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Trade Show… with a Side of Vote “NO!” on Prop 10


It is that time of year again—one of our favorite times at the AACSC—the Trade Show and Industry Awards Breakfast! There is nothing better than seeing the smiling faces of all those who have been nominated, along with those who have won awards in our industry. It is such a great time for coming together and finally being rewarded for (what mostly seems to be) a thankless job doing the hard work we do running the businesses of housing pro viders and managers. What a tough job it is and what talent, thought, and precision is needed to be successful in any of that.

So much goes into the education and training for these jobs, and it is fantastic to be able to award others, thank them, recognize them, and pat them on the back for so many jobs well done! I know I cannot wait, and I hope you feel the same. Let’s get everyone we can to the Trade Show to accept their awards and nominations as well as to look at updating and/or expanding the use of our masterful vendors and their updated technology, wisdom, and raw desire to help others. The NAA (National Apartment Association) our “Mothership” will also be sharing a booth with the AACSC and we could not be happier that they are stopping in for a visit.

Another thing we love about September is that it’s not November! Yes, the doom and gloom of getting out the vote and combatting the lies and/or myths of what we truly do, think, and wish to see in our industry. We often cringe at the bewildering and unchecked myths being promoted like, “evictions cause homelessness.” Not true—the lack of work/jobs causes lack of funds, which leads to foreclosures/evictions, and unpaid debts of all kinds, which then leads to homelessness. If a person who is working and making a decent wage receives a notice to move, other than being a major inconvenience (I abhor moving too), that doesn’t make them homeless—they can find a new place, which state law gives 30-60 days (more than plenty of time) to do so.

Simply put, as a great friend of the AACSC, Charles Del Campo says, “Homelessness isn’t a housing issue, it’s a jobs issue, and our politicians need to do what’s right to bring the better paying jobs here, and the lost ones back. Instead of using pity to promote a damaging, knee-jerk agenda, put pressure on the politicians to bring better paying jobs back.” I would go further to say that we also need to bring better life and job skills training to our schools and young ones, and we are wasting valuable time and money getting away from these sub jects by focusing on the very broken “fix” of rent control.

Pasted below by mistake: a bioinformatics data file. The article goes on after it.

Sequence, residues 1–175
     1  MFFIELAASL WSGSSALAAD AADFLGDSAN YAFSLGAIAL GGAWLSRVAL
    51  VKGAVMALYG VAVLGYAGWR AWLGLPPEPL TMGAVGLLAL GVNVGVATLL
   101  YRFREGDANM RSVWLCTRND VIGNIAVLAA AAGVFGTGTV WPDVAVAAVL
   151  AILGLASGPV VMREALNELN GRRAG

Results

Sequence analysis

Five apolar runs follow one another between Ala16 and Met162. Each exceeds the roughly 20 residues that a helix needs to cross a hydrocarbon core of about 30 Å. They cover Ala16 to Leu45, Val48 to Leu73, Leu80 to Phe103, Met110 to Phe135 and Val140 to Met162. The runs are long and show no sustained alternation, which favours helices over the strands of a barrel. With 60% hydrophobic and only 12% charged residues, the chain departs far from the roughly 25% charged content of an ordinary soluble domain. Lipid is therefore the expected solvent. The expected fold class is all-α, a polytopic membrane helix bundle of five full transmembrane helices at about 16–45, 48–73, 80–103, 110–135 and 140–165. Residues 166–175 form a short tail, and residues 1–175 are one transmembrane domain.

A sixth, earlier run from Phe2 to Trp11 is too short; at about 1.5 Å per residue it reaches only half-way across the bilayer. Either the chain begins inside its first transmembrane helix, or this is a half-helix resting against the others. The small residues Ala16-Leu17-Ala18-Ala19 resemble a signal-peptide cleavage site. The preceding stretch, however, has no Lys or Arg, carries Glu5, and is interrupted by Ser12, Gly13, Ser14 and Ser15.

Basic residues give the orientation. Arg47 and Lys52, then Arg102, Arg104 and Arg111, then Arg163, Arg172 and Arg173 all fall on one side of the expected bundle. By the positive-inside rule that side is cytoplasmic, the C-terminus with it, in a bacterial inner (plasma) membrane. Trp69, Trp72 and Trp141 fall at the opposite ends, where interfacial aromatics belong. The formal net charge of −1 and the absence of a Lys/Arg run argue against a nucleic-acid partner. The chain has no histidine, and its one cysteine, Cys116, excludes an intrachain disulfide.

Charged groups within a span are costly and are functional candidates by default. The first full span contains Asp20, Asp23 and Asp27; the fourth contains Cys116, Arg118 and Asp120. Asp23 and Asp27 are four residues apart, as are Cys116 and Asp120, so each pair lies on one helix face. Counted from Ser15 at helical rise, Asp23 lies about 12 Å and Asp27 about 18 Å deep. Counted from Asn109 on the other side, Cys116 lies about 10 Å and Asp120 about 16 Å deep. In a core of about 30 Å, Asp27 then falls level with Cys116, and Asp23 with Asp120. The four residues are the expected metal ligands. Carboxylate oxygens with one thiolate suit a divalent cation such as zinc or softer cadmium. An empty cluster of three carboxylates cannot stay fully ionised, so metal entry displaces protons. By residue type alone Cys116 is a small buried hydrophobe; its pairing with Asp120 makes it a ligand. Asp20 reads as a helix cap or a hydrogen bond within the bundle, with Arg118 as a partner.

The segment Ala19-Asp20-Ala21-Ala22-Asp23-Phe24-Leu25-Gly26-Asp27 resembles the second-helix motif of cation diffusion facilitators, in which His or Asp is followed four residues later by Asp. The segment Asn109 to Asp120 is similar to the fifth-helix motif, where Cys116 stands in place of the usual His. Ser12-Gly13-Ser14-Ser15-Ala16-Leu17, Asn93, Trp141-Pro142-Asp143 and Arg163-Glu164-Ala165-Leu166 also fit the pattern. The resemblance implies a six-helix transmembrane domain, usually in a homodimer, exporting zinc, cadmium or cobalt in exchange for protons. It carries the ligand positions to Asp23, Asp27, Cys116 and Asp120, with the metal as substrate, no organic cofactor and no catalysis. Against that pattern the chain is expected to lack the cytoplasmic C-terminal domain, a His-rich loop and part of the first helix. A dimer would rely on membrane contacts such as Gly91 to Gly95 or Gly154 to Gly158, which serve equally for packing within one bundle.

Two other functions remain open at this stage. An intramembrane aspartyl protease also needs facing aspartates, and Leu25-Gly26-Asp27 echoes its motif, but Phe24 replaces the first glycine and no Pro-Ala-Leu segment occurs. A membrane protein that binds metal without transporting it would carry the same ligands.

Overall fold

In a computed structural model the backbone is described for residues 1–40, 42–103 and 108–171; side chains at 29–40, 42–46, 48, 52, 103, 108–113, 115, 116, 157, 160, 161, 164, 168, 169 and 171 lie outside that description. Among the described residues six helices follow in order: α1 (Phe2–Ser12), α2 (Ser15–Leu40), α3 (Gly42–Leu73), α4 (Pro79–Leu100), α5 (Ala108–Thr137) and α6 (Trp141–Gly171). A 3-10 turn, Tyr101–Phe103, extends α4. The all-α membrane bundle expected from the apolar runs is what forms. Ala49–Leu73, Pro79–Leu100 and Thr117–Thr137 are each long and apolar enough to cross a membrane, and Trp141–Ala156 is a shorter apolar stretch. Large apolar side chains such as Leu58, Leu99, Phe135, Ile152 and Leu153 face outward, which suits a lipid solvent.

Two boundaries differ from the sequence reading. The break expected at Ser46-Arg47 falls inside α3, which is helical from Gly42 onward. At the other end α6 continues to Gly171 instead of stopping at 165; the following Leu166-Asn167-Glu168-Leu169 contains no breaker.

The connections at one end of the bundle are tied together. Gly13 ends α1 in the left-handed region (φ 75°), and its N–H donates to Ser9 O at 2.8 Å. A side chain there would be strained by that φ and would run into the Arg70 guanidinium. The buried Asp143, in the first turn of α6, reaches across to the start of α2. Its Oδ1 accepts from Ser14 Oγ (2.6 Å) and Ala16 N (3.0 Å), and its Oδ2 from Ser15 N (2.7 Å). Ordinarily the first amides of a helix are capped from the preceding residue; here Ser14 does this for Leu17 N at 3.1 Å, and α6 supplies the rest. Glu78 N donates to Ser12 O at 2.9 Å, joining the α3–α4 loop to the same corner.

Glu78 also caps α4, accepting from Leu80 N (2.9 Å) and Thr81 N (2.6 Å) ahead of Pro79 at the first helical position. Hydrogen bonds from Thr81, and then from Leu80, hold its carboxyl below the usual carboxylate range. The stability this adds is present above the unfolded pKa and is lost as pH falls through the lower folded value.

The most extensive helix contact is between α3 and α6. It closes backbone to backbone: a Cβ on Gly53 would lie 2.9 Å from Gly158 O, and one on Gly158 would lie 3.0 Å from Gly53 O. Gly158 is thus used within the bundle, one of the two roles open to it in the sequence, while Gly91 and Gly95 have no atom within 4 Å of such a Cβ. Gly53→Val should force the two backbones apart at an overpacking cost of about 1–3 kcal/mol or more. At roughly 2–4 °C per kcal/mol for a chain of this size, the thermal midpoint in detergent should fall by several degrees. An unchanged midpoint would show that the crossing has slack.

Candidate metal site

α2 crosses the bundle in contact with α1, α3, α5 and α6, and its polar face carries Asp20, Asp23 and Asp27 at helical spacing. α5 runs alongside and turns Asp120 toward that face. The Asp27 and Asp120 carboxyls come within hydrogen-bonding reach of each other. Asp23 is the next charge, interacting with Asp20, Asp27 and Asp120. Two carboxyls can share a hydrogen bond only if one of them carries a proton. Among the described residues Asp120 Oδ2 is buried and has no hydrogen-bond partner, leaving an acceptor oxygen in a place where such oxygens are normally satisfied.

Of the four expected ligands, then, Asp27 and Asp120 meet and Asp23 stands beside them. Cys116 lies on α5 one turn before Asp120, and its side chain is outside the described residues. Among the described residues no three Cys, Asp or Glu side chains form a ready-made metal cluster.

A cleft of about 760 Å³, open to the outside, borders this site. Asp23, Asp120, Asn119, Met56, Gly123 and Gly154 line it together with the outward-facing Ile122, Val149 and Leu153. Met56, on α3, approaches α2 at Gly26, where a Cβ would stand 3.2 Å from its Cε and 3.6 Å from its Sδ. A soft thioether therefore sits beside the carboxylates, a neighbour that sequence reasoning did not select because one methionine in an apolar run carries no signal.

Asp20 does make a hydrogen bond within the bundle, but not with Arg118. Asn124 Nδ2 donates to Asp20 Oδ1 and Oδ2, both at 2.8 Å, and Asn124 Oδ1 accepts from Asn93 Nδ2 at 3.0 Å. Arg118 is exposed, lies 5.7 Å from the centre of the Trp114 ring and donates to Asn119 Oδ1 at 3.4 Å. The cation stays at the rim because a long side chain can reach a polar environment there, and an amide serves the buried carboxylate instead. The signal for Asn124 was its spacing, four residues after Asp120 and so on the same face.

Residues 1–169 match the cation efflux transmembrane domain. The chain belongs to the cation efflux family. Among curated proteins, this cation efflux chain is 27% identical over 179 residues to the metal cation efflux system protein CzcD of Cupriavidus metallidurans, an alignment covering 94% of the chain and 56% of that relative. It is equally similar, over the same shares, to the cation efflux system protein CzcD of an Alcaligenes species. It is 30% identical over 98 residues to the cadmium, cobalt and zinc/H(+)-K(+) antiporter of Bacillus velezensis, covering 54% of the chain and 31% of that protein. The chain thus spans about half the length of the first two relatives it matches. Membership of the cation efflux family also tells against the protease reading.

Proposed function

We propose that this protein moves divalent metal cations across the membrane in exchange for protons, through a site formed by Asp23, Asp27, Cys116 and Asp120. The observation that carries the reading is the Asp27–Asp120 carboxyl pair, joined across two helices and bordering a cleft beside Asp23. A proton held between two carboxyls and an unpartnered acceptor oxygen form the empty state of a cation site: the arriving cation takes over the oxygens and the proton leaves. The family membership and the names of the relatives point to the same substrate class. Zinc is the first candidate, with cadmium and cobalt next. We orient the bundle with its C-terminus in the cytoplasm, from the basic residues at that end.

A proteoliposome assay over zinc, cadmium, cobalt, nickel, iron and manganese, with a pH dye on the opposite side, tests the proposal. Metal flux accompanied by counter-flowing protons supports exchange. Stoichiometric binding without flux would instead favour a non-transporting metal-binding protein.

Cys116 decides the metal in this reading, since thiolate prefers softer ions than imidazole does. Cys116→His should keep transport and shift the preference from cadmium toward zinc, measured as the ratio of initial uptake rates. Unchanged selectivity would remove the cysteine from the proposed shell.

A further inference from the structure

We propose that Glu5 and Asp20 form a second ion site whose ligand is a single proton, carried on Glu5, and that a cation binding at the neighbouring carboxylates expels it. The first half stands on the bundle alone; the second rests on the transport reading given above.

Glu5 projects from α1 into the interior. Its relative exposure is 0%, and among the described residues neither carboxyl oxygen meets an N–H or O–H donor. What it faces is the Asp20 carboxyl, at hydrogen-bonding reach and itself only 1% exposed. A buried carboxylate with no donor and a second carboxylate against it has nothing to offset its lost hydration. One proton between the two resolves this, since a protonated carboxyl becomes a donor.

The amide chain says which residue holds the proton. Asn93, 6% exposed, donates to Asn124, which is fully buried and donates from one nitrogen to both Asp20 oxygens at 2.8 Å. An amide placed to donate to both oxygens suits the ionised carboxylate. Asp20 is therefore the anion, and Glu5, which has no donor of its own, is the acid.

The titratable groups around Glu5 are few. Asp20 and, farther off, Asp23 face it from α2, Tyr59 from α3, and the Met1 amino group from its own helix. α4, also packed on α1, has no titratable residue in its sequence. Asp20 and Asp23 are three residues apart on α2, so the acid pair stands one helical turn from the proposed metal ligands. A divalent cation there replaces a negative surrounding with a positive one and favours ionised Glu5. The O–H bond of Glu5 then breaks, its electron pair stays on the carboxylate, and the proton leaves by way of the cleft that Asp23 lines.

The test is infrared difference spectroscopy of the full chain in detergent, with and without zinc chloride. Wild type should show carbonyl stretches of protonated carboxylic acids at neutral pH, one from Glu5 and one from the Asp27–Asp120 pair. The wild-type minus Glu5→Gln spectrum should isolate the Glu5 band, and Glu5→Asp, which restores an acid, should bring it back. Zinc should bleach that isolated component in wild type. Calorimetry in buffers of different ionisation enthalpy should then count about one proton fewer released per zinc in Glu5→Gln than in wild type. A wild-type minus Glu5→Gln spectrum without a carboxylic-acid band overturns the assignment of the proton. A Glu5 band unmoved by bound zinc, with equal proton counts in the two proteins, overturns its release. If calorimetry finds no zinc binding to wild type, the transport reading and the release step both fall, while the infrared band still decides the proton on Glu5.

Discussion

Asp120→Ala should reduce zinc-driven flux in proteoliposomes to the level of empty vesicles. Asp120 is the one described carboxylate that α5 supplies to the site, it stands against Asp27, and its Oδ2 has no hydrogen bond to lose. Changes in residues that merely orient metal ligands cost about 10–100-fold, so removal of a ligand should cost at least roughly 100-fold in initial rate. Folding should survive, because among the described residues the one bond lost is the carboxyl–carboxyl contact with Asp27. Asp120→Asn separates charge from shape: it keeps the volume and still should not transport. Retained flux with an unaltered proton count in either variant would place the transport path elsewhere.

Consider this: If people don’t have money to eat, the government and our “feed the hungry” friends never petition/protest supermarkets demanding egg, milk, and produce control (at least they’re not given the time of day if they do). No—the government issues food stamps or EBT (“Electronic Benefit Transfer”) cards, or the Federal Government provides grants to states for food (like with WIC). Why not have an ERT (“Electronic Rent Transfer”) card where people are assisted in that way? If we had a Federal “RENT” and/or “ERT” card program in place the burden is shared (via taxes) and no one group is singled-out or punished; however, well-paying jobs backed by skilled training would be even better! Another great thing to consider about our supermarkets though, is that since there are so many of them they all must compete for business, thus driving prices down. Imagine that…

Housing providers are doing the right things to make our economy flourish and thrive in a free market and our elected officials need to work to do the same. We appreciate and congratulate the officials we have been speaking with who have really been attentive over the last year — truly hearing us out and understanding the consequences of pulling things like Costa-Hawkins off the books and further expanding rent control. The Long Beach City Council, along with our representatives in the State Legislature, have all been especially understanding on approaches for a fair and sustainable fix. This hasn’t moved for too long, but now the wheels are finally turning and eyes are opening to the solutions—and not price control or constant intervention. See you at the Trade Show … and remember: Vote “No!” on Prop 10!

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